There are all kinds of software development checklists and principles out there. Some are better than others. My personal favorites are the SOLID principles and The Atwood System of Real Ultimate Programming Power. Here at DevOps On Windows, we’ve tried our hand at such checklists before. However, most software checklists (including our own) tend to focus on specific “how-to” coding or operational guidelines. Don’t repeat yourself, depend on abstractions, deploy frequently, use centralized configuration. These are all great practices to follow, but they are also just a means to an end. The end, of course, is creating software that is easy to operate. At this site, we have always maintained that “doing DevOps” well, and by extension, creating quality software, is not something that you can accomplish by following rote guidelines and checklists. If it were, robots could do our job. As we should know (because it is our job to create them), robots lack the ability to creatively apply best practices and first principles to craft solutions to new problems. In order to defeat the robots, we need to take advantage of our ability to do so. The first step is identifying and understanding the first principles of quality software. Therefore, we present our Robot-Defeating First Principles Of Quality Software:
Quality software must be clear and understandable. Strive to write code that you will be able to understand a year from now after you have forgotten all the details. Alternatively, try to write code that won’t inspire another developer to curse your name years from now when a bug is found or a new feature needs to be added. It is far more important (in most cases) that your code be clear in its intent than it be “clever” or even that it perform optimally. However, software is more than just code. Quality software must also be clear to system operators and end-users. Software should be a “white box” – errors should be clearly displayed, raw data should be accessible to allow double-checking of results, functionality should be easily discoverable, behaviors should be logical and understandable.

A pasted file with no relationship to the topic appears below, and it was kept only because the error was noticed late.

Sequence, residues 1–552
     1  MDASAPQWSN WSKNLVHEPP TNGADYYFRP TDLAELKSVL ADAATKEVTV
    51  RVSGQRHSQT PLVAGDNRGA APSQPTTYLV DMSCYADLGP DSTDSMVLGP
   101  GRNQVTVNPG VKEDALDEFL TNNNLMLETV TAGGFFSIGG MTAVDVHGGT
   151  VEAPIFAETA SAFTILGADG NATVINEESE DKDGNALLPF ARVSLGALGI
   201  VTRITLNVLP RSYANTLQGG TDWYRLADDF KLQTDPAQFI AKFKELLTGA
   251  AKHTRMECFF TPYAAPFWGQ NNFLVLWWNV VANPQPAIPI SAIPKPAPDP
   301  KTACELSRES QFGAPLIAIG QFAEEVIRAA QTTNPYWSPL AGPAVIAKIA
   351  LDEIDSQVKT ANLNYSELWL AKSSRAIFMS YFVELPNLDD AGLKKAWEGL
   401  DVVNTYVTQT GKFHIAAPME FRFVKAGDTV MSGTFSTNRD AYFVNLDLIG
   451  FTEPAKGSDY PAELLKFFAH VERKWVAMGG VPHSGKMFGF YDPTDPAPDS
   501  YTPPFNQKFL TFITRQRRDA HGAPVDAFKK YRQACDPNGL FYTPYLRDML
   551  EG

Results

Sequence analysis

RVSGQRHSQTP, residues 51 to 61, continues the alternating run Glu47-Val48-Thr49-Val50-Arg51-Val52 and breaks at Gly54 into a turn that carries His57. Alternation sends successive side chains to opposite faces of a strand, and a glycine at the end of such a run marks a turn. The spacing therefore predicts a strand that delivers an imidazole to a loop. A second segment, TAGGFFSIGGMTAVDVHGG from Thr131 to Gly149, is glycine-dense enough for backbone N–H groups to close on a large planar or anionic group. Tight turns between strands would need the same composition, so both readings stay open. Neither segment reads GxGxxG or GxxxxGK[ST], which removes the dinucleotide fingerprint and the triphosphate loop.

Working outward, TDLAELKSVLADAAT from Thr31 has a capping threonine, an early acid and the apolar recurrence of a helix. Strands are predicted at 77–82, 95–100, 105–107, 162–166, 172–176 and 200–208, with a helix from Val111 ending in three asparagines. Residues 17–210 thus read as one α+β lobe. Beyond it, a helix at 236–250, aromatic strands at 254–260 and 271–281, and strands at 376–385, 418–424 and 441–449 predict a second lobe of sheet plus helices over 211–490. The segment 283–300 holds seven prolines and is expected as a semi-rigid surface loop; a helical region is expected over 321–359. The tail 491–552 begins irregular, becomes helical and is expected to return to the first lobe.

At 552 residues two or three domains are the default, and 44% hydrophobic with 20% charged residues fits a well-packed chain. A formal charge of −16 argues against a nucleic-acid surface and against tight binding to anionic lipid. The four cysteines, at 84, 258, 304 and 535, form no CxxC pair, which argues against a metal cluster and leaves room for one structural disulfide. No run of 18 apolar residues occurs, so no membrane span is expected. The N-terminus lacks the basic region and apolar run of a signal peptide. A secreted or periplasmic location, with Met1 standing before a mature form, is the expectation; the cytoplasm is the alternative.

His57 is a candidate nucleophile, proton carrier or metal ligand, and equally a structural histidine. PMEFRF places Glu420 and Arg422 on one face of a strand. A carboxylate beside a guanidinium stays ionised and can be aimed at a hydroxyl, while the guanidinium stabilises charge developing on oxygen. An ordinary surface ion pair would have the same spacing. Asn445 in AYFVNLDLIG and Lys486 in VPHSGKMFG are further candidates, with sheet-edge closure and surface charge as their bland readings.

Quality software must be consistent. The days of monolithic software solutions are over. Service-oriented architectures and cloud-based services rule the day, because they allow us to create simple, independent, specialized components that work together to form a cohesive whole. In order to support such an architecture, the myriad software components that make up your system must behave in a consistent way. They should all use the same deployment, configuration, and monitoring mechanisms. They should communicate using a standardized messaging layer that is solid, battle-tested, and flexible. User interfaces should use common controls with a consistent look and feel. Your software should be consistent from the perspective of developers (who use consistent APIs to build applications), operators (who use the same set of tools to configure, deploy, and monitor applications), and end-users (who are presented with one common experience when interacting with your system). Consistency is king.
Finally, and perhaps most importantly, quality software needs to be simple. To paraphrase Einstein, software should be as simple as possible, but no simpler. This is a tall order, because the world is a complex place, and it can be very challenging to create a simple system to model such complexity. Yet that is what we must strive for. Don’t write code that is a simple reflection of your requirements. Look for abstractions that allow you to create a simple model from which your required use cases can flow cleanly. Avoid “special cases” and “hard-coded” solutions. When done right, the simple solution is often the most flexible solution, and will allow your software to grow and change with your business. Creating a simple “mental model” for the way the software works is critical to making it understandable for developers, operators, and users alike.
No system of principles can ever capture the full picture of what “quality software” really means. However, striving to create software solutions that are clear, simple, and consistent is a good place to start. Remember also that the clarity, simplicity, and consistency must be evident from all perspectives — developers, operators, and users must all see these properties. Equipped with these principles and our creativity, we have a fighting chance of defeating the robots.